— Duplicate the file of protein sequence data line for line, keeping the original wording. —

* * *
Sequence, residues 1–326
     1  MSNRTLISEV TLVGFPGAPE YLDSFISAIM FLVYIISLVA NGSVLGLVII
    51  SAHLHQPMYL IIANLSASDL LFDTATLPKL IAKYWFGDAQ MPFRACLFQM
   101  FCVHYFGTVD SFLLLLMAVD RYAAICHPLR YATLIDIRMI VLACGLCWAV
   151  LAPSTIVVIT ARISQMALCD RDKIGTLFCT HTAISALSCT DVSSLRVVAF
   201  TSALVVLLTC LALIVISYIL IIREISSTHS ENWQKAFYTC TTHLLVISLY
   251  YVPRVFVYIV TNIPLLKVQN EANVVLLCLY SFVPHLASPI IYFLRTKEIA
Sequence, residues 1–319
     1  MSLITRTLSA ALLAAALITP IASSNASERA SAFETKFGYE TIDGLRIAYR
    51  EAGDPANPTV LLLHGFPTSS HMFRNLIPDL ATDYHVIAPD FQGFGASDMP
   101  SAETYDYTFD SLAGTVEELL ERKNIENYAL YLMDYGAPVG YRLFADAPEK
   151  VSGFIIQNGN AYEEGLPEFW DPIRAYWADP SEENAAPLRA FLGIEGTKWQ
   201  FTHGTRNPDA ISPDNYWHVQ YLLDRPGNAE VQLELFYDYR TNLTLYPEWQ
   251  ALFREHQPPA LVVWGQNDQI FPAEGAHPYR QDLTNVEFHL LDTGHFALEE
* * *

Sequence, residues 1–326
     1  MSNRTLISEV TLVGFPGAPE YLDSFISAIM FLVYIISLVA NGSVLGLVII
    51  SAHLHQPMYL IIANLSASDL LFDTATLPKL IAKYWFGDAQ MPFRACLFQM
   101  FCVHYFGTVD SFLLLLMAVD RYAAICHPLR YATLIDIRMI VLACGLCWAV
   151  LAPSTIVVIT ARISQMALCD RDKIGTLFCT HTAISALSCT DVSSLRVVAF
   201  TSALVVLLTC LALIVISYIL IIREISSTHS ENWQKAFYTC TTHLLVISLY
   251  YVPRVFVYIV TNIPLLKVQN EANVVLLCLY SFVPHLASPI IYFLRTKEIA
Sequence, residues 1–319
     1  MSLITRTLSA ALLAAALITP IASSNASERA SAFETKFGYE TIDGLRIAYR
    51  EAGDPANPTV LLLHGFPTSS HMFRNLIPDL ATDYHVIAPD FQGFGASDMP
   101  SAETYDYTFD SLAGTVEELL ERKNIENYAL YLMDYGAPVG YRLFADAPEK
   151  VSGFIIQNGN AYEEGLPEFW DPIRAYWADP SEENAAPLRA FLGIEGTKWQ
   201  FTHGTRNPDA ISPDNYWHVQ YLLDRPGNAE VQLELFYDYR TNLTLYPEWQ
   251  ALFREHQPPA LVVWGQNDQI FPAEGAHPYR QDLTNVEFHL LDTGHFALEE